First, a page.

In your case though, anything is better - than not having a spectral correction file at all to work with. (If you are working with a Colormunki Display.)

Also if you have a Colormunki Display (or Photo), learning with HCFR (which supports it), isnt a bad way to go. I guess with Lightspace zero you'll hit 'only supported by payed version' limitations pretty soon (can you apply a matrix correction? ). Which for learning, isnt ideal..
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post #4 of 27 Old 01-31-2020, 10:16 PM
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Aaaaand I found a QF7N (QLED) .ccss as well.

https://colorimetercorrections.displ...l%20Gamut.ccss

(made with a Colormunki Photo, so not the best, but eh...)

Use that profile with HCFR (drop it into the right folder, restart, then select it as your meter profile).

Also set up the matrix correction above as a correction profile (while using the generic non refresh profile in HCFR) in another window/on another run (meter settings, second tab) and compare if they roughly measure the same (on a 10(/11) point greyscale measurement run).


All of that only if you are using a Colormunki Display

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post #5 of 27 Old 01-31-2020, 10:23 PM
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Also read this: https://www.rtings.com/tv/reviews/sa...-qled/settings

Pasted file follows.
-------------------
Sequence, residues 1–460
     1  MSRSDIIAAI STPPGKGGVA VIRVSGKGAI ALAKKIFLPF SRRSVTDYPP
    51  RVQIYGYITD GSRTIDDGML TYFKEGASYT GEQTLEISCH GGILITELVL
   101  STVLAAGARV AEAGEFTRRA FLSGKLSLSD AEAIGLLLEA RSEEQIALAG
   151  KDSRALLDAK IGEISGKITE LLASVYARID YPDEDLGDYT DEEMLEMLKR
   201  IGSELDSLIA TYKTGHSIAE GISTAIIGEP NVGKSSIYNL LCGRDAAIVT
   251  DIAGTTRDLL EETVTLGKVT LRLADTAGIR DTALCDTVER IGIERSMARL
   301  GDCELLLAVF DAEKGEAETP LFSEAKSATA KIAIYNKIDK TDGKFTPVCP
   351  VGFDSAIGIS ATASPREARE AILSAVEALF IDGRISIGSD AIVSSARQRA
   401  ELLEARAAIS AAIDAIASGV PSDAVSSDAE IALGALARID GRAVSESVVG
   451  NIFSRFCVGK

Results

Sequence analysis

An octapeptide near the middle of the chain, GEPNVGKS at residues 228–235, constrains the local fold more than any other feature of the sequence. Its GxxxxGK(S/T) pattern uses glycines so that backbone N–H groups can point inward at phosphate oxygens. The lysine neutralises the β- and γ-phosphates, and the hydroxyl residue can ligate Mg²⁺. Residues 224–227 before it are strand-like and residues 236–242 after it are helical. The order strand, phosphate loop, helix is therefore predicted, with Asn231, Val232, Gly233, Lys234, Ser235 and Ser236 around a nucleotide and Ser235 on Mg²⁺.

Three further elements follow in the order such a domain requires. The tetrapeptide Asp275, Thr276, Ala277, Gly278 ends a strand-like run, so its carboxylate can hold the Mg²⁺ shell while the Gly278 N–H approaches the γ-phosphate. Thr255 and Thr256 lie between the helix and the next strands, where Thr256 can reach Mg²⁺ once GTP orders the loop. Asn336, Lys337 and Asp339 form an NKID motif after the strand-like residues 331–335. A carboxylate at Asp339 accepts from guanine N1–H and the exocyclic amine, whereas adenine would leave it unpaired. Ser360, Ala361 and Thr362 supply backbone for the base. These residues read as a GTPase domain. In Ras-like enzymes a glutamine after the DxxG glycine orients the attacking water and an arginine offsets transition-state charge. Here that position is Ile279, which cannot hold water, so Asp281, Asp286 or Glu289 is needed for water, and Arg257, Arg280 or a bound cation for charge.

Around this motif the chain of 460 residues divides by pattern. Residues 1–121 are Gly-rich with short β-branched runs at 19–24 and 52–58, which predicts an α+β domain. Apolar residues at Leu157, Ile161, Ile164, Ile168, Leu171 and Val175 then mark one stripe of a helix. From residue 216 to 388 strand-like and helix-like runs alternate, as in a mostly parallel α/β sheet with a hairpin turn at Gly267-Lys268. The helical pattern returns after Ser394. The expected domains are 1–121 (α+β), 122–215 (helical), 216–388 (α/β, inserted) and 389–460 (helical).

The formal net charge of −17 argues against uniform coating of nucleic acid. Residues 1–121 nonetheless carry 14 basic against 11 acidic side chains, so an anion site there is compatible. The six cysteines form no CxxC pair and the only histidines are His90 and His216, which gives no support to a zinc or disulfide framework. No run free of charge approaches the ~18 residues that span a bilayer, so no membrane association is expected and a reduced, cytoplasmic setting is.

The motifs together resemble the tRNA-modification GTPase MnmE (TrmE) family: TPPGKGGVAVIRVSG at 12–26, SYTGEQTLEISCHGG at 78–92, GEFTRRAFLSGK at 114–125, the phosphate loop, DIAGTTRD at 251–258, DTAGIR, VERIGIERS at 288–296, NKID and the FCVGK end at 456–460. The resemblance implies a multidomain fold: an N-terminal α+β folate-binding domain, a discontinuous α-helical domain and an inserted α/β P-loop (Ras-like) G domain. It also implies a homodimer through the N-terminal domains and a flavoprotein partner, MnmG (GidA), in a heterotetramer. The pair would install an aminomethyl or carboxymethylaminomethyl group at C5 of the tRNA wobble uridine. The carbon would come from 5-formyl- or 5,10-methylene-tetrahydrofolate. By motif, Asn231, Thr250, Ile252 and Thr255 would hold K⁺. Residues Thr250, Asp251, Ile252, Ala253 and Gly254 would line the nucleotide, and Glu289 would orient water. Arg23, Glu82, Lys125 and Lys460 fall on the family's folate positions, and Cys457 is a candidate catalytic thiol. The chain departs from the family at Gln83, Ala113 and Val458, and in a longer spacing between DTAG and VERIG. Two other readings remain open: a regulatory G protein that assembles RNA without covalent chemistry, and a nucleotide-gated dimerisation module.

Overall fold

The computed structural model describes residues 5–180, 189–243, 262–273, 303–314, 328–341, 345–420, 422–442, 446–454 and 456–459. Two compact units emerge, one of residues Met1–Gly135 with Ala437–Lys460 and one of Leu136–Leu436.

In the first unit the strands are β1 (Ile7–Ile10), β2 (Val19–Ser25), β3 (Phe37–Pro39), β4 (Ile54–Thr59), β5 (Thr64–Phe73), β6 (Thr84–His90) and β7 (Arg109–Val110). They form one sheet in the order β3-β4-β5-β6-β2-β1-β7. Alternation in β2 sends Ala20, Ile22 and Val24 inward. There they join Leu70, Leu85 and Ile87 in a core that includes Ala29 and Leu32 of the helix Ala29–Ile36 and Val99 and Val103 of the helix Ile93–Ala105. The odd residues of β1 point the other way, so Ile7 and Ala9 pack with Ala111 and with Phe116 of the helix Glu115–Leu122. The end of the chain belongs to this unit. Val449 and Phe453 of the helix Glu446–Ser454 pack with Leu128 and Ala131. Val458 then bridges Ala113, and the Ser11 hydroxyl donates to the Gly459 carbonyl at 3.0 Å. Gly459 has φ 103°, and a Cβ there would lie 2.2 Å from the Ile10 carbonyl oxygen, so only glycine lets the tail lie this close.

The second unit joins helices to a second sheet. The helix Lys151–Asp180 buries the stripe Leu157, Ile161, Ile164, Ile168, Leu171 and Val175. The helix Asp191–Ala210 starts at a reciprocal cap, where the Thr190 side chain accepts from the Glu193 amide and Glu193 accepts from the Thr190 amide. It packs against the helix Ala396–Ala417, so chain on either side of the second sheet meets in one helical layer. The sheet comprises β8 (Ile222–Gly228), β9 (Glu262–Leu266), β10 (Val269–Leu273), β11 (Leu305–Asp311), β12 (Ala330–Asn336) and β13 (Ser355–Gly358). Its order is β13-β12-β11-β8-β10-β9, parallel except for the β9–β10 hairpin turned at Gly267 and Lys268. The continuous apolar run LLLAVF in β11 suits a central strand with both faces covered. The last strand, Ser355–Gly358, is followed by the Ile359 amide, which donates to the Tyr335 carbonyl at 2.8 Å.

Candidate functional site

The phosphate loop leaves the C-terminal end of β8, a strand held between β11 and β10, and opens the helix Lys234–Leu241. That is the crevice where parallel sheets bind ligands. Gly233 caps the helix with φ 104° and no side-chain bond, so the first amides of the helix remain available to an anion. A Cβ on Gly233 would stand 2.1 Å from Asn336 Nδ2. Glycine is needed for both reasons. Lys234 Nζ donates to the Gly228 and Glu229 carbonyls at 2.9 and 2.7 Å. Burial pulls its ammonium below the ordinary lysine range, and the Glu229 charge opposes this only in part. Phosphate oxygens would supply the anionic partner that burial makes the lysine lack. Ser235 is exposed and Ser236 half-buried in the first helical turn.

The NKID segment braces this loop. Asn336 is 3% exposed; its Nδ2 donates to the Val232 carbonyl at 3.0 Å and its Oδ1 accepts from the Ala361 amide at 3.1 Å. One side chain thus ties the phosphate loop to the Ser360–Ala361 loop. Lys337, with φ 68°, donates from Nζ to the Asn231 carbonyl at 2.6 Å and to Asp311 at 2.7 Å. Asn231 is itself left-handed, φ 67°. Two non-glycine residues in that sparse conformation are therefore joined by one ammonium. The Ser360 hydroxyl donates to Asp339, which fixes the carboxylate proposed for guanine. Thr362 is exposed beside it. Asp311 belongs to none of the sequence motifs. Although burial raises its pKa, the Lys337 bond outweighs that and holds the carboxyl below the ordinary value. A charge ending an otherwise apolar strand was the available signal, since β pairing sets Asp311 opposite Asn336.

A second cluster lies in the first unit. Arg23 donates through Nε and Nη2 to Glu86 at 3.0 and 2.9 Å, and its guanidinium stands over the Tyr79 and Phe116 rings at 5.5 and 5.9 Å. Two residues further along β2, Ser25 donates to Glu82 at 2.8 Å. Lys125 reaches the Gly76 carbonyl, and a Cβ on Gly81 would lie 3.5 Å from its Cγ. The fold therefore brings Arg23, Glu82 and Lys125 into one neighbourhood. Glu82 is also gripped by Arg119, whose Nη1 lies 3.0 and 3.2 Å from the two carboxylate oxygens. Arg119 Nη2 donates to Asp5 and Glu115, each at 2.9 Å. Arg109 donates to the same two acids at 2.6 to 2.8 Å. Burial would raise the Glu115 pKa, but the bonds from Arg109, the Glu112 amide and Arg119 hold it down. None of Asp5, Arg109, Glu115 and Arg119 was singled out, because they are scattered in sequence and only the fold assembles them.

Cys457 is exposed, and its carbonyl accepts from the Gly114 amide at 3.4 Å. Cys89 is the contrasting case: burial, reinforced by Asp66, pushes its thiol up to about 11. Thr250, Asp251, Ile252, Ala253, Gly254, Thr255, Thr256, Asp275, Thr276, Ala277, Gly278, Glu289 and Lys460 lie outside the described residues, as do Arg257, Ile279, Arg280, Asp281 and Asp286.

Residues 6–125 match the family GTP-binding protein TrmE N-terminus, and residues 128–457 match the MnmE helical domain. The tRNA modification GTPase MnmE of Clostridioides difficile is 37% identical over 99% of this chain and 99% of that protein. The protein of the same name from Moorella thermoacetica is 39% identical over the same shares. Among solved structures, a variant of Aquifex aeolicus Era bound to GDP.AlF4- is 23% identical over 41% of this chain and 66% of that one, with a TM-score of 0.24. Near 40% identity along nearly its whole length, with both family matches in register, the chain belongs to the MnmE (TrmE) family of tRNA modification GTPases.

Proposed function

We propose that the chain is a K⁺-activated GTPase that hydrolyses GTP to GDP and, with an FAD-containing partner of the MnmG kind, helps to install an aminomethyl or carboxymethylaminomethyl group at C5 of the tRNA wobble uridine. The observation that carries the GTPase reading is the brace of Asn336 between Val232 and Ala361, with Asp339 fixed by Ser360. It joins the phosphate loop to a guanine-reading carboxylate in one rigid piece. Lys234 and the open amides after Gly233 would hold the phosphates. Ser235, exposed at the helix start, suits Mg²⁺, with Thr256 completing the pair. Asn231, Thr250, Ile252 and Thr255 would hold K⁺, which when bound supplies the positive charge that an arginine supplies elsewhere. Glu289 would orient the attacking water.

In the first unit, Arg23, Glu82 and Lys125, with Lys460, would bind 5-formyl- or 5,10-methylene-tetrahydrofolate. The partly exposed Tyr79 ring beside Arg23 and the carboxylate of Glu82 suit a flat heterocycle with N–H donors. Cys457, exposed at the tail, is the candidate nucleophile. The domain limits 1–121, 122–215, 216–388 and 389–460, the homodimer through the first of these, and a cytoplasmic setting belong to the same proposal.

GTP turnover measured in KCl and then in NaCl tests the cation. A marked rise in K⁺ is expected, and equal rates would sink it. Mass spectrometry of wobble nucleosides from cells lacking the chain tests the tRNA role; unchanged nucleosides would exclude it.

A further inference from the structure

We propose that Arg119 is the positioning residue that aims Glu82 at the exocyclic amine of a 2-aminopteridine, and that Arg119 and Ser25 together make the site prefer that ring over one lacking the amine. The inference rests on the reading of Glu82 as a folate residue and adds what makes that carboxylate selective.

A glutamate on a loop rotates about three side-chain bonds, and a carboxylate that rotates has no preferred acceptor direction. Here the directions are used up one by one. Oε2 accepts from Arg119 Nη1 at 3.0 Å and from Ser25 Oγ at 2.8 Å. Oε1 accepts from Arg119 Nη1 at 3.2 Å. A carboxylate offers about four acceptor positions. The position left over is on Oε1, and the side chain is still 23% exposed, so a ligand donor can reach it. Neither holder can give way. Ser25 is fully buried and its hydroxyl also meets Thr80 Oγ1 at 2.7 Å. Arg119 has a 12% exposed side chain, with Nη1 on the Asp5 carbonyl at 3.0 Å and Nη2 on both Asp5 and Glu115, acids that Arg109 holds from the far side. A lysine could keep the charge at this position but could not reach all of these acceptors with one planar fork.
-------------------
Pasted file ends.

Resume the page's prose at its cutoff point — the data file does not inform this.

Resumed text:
Just so you get a feeling for 'correct ballpark settings'. Or look up the settings page on rtings for your QLED model. rtings suggests, that a backlight of "ballpark" 18 is correct for Samsung SDR calibrations (100 nits target for 100 IRE (255 255 255) white).

Also check if your source device is outputting limited or full RGB (/YCbCr), and if your TV is set to correctly expect a limited or full signal. (This still doesnt explain away the low backlight setting though. ).

When you respond, give details on all that stuff.


edit: Also name your TV model. (QLED might not be QLED in terms of spectral profile either - but then again, anything is better than not having a QLED spectral correction active at all, while working with a colorimeter. That is just so we can tell you, that your QLED corrections still might be wrong (because they were made for a Q7FN). Half jokingly, but then also entirely not jokingly at all.. )

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post #6 of 27 Old 01-31-2020, 10:32 PM - Thread Starter
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Thanks for all the replies, it will take me a bit to go through the links.

It is a colormunki display.
The reason I initially went with light space is because it has that really great “dummies” guide 😆 and it seemed simpler from things I read on this forum vs hcfr.
I do not have any correction file, so that probably has something to do with it!
The tv is definitely in SDR and not HDR.
I’ll have to also look at the HDMI output of the laptop...
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post #7 of 27 Old 01-31-2020, 10:34 PM - Thread Starter
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Tv is a qn85q70rafxza
I initially set it up with the Rtings settings.
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post #8 of 27 Old 01-31-2020, 10:42 PM